In “Think of a Number,” his first thriller, published last year, John Verdon established himself as a subtle and inventive puzzle master. The novel’s slick “impossible crime,” featuring a serial killer who seemed able to read the minds of potential victims, would have brought credit to Agatha Christie. In the opening pages of “Shut Your Eyes Tight,” Verdon’s taut and suspenseful follow-up, the author appears to be taking us in a different direction.

“Spoiled little rich girl marries hotshot celebrity psychiatrist,” runs one character’s summary. “An hour later at the wedding reception on the psychiatrist’s fancy estate, his demented gardener decapitates her with a machete and escapes.” This time, it seems, we’re in for Grand Guignol.

At first glance, there appears to be little about this short, sharp shock to draw the attention of Dave Gurney, also the hero of Verdon’s previous book. Gurney, “the most highly decorated detective in the history of the NYPD,” has now retired to a quiet farm in the Catskills, attempting to occupy himself with the gentle pleasures of asparagus farming.

His old colleague Jack Hardwick, whose abrasive manner masks a keen insight, suspects that Gurney isn’t quite ready to leave police work behind. “You’re a natural-born onion-peeler,” Hardwick says, “the best that ever was.” Though the case of the “butchered bride” appears to be a simple, if horrific, crime of passion, Hardwick is convinced that the official investigation has wandered off track and persuades a reluctant Gurney to make inquiries.

Gurney soon makes a series of troubling discoveries. It emerges that the chief suspect, the missing gardener, somehow managed to pass in front of several video cameras without being recorded. Stranger still, Gurney concludes that the murder weapon, found dripping with the victim’s blood, was somehow planted in the nearby woods before the crime took place.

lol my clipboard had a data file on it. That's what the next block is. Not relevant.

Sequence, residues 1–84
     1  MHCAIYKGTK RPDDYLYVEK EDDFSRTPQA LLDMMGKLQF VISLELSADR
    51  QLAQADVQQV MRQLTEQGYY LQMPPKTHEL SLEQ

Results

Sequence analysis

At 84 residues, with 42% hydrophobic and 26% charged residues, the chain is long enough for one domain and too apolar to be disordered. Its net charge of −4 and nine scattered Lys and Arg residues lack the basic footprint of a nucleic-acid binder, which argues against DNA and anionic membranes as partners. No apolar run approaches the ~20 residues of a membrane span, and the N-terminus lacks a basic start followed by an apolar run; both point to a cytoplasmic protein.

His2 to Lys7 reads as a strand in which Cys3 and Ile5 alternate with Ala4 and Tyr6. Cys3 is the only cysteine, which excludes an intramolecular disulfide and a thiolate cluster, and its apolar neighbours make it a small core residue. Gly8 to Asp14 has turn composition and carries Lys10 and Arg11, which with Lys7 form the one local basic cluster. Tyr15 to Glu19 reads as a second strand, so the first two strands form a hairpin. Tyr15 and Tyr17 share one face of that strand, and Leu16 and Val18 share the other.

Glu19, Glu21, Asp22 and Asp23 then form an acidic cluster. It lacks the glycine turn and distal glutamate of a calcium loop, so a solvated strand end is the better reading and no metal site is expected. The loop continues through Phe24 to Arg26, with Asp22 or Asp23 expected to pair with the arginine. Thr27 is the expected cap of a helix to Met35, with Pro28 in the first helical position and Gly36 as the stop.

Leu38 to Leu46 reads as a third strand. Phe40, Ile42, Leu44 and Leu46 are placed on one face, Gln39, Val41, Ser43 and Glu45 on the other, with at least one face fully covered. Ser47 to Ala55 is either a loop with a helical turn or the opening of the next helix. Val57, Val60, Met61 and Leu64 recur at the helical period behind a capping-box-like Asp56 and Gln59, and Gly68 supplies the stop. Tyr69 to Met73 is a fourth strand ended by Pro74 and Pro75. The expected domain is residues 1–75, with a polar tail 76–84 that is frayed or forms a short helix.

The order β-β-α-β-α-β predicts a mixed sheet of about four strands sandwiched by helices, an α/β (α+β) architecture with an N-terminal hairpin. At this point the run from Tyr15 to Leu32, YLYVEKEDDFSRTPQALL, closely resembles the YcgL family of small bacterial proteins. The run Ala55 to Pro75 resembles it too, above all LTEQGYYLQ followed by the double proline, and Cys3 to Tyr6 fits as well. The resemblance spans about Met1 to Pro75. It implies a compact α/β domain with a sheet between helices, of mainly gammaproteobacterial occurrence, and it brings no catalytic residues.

’Shut Your Eyes Tight: A Novel’ by John Verdon (Crown. 509 pp. $24) (Crown)

Worse, it gradually becomes clear that the murdered woman may not be the only casualty. Several young women have gone missing from the high-priced academy run by the groom — “a disheartening repository for sex addicts and sociopaths” — each one vanishing after a near-identical argument with her parents.

As Gurney draws these disparate strands of the mystery together, his elusive quarry outmaneuvers him to humiliating effect, leaving the detective’s confidence shaken and his reputation in peril. “No bone shatters as painfully as the illusion of invulnerability,” Verdon observes.

Meanwhile, Gurney’s marriage, already strained by the events of the previous novel, faces a fresh test as his obsession with the case deepens. “I know that what you do takes great strength, great courage, great honesty, and a superb mind,” his wife tells him. “But you know what? I’d like to be a little less in awe of you and a little more with you.” Soon enough, when a grim totem of the murder appears on Gurney’s doorstep, the detective faces a life-changing decision.

Verdon is in top form as he lays out the twisty mechanics of the crime, creating an agreeably sinister villain who caters to “the sickest men on earth.” The author also gives a convincing urgency to his hero’s personal dilemmas, creating a compelling portrait of a marriage unexpectedly tipped into crisis.

For all of Verdon’s many strengths, however, he occasionally falls back on the tired conventions of the thriller genre to gin up suspense. At regular intervals we’re confronted with a page or so of perfunctory ravings from the killer’s point of view, and a late influx of hyper-violent gangsters feels a bit off-the-rack.

In the end, Verdon’s ingenious plotting far outweighs his occasional excesses. “Shut Your Eyes Tight” is a strong follow-up to the author’s wildly entertaining debut. One suspects that Gurney’s asparagus patch will continue to be neglected for some time to come.

Stashower’s most recent book is “The Beautiful Cigar Girl.”


By John Verdon

Crown. 509 pp. $24